A hundred years ago when my daughter was in high school I met one of her English teachers. For some reason this teacher had unilaterally stated that a sentence that did not contain at least five words was not a good sentence. It disheveled my feathers, so I raised the subject in a parent-teacher conference.
She repeated the premise she learned in graduate school: five was the magical number of words a sentence takes to adequately convey an author’s intent.
I couldn’t help myself. As I braced myself for the roll of my eyes that would come from my wife, I asked the teacher what she thought of the phrase “Jesus wept.”
Just as we suffer from “First World Problems”, such as the failure of the Internet or the shop where the mineral water filtered by artisanal springs in the Alps runs out, the Catholic Church is not immune to this in the young adult years of the 21st century Mini meltdown about what should be a few simple sentences.
This happened when the Vatican Congregation for the Doctrine of the Faith (CDF) responded to a question about whether the Church can bless same-sex unions and made things clear in a short sentence that sums up thousands of years of biblical truth: “God does not and cannot bless sin. ”
The discussion that has sparked such a simple affirmation of the fundamental doctrine of the Church is impressive. Responses to the March 15 declaration included the suggestion that Pope Francis is not as compassionate as some had previously thought.
It is difficult for anyone who has heard, seen or read Pope Francis to claim that this Pope has no compassion for the most marginalized people in society. Like his predecessors, he has often spoken about the importance of separating the person from a particular sinful act when approaching complicated pastoral situations. In this context, the CDF declaration is the condolences of Pope Francis.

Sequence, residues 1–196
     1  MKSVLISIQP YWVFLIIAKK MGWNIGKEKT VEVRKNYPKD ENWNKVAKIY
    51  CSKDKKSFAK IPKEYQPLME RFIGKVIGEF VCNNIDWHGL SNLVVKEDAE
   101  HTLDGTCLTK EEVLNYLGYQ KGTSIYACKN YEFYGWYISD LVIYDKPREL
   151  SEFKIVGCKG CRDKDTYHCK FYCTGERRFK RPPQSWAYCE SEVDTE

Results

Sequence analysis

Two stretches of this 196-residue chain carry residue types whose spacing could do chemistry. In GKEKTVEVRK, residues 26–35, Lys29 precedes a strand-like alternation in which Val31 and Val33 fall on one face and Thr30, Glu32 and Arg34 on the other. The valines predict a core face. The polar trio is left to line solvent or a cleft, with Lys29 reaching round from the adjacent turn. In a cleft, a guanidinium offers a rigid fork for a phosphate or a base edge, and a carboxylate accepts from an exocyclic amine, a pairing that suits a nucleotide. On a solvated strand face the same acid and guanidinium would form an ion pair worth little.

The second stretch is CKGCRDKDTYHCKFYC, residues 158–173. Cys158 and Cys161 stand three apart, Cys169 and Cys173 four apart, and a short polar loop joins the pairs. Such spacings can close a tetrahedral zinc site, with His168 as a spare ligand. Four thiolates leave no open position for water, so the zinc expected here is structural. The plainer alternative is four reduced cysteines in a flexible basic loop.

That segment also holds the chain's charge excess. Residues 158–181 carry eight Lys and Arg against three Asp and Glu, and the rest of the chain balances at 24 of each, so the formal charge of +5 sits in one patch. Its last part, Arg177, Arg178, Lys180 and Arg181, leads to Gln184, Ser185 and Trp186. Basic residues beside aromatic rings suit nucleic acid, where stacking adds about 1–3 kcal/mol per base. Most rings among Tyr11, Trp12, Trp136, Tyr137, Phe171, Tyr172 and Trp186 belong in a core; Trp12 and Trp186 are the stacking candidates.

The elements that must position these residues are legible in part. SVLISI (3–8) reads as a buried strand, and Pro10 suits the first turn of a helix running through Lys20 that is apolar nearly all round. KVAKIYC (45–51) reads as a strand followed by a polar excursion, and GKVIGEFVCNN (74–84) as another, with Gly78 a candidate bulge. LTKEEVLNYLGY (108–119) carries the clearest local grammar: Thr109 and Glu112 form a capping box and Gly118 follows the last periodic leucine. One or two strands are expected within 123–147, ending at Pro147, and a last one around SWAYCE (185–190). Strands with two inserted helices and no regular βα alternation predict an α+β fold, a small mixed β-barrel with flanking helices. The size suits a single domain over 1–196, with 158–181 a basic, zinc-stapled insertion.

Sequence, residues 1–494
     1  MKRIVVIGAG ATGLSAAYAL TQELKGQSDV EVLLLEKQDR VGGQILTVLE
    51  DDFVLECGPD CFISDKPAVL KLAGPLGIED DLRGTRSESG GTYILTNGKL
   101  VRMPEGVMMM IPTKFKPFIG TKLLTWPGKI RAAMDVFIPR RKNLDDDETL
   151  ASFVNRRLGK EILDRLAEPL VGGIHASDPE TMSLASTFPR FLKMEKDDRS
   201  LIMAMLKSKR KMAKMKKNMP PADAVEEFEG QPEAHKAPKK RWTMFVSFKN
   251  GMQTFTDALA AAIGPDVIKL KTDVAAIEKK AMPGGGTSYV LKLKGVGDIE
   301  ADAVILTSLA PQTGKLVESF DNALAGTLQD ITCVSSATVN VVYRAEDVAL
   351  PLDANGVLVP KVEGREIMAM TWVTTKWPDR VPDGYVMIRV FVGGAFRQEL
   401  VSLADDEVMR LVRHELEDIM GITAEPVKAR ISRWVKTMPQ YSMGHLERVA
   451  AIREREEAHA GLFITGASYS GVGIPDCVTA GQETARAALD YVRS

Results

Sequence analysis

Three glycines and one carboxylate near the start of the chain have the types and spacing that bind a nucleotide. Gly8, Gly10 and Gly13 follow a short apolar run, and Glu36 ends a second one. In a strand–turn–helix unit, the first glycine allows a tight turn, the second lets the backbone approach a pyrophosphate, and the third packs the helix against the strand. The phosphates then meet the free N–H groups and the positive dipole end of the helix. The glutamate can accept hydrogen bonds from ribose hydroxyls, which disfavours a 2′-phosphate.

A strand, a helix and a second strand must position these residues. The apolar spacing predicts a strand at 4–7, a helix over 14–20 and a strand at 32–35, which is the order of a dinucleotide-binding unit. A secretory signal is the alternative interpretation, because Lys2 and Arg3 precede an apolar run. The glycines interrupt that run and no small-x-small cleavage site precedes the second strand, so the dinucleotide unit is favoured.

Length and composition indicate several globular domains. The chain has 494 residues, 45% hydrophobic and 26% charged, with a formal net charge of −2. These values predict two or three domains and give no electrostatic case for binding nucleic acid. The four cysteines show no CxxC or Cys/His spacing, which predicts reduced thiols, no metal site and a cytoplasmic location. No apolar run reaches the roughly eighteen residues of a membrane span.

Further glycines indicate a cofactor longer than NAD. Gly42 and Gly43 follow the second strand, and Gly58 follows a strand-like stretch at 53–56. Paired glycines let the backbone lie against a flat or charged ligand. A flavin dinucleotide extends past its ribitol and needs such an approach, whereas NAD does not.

Because it is of no use to anyone if you tell him that his sin is not a sin. It is of no use to anyone to be comfortable in a lifestyle that does not benefit the health of their immortal soul. This premise doesn’t just apply to people of same-sex attraction – it applies to all men and women who find themselves outside of the plan set out for us in the gospel.
The loudest questioning of the CDF declaration seems to come from bishops in Germany under the leadership of Bishop Georg Batzing from Limburg. But while the entire document produced by the CDF could be summed up in a few words, Bishop Batzing countered with an arsenal of idioms.
“For some time there have been discussions about how this teaching and teaching in general can be advanced with viable arguments – on the basis of fundamental truths of faith and morals, ongoing theological reflection and also the openness to newer results on the humanities and the Life situations of people today, ”he replied to the statement (this sentence definitely fulfills the five-word requirement).
“There are no easy answers to questions like this,” he continued.
Imagine Jesus using this tactic when faced with an angry stone-in-hand mob and an adulteress. Instead of reflecting on the cultural advances since the Babylonian captivity or embroiling the mob in an exegesis on the Sixth Commandment, he instead called the mob in very few words to their own sanctimonious sinfulness. And after they slipped away, Jesus did not discuss the nuances and implications of the adulteress’ lifestyle. He did not judge her either, but told her to “stop sin”.
It was indeed the ultimate act of compassion, not far from the simplicity of this CDF statement, on which Pope Francis put his stamp of approval.
Just look at what the CDF said after saying the obvious that God cannot bless sin: “God blesses sinful people so that they can see that they are part of their love plan and allow themselves to be changed by them . ”This is the ultimate form of compassion and the same compassion that Jesus offered every sinner.
With all due respect to the bishops in Germany and their fellow doubters, I would suggest the following: If we all have to remember what the consequences of sin actually are, we just have to look at a crucifix. When we do that, no words are needed.